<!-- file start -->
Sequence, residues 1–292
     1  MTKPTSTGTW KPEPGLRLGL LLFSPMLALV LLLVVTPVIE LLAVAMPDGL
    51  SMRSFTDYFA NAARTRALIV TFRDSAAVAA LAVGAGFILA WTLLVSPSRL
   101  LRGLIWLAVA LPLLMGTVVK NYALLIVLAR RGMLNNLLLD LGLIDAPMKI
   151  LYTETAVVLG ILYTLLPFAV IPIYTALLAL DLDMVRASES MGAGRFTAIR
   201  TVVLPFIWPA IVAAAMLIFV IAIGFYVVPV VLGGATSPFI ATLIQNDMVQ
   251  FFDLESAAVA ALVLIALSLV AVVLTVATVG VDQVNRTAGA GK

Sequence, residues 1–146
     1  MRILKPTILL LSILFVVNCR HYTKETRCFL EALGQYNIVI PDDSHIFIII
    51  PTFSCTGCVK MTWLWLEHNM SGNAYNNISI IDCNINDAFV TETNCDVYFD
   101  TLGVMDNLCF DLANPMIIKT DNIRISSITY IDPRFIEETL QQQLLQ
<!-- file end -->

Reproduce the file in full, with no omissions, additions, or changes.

Sequence, residues 1–292
     1  MTKPTSTGTW KPEPGLRLGL LLFSPMLALV LLLVVTPVIE LLAVAMPDGL
    51  SMRSFTDYFA NAARTRALIV TFRDSAAVAA LAVGAGFILA WTLLVSPSRL
   101  LRGLIWLAVA LPLLMGTVVK NYALLIVLAR RGMLNNLLLD LGLIDAPMKI
   151  LYTETAVVLG ILYTLLPFAV IPIYTALLAL DLDMVRASES MGAGRFTAIR
   201  TVVLPFIWPA IVAAAMLIFV IAIGFYVVPV VLGGATSPFI ATLIQNDMVQ
   251  FFDLESAAVA ALVLIALSLV AVVLTVATVG VDQVNRTAGA GK

Sequence, residues 1–146
     1  MRILKPTILL LSILFVVNCR HYTKETRCFL EALGQYNIVI PDDSHIFIII
    51  PTFSCTGCVK MTWLWLEHNM SGNAYNNISI IDCNINDAFV TETNCDVYFD
   101  TLGVMDNLCF DLANPMIIKT DNIRISSITY IDPRFIEETL QQQLLQ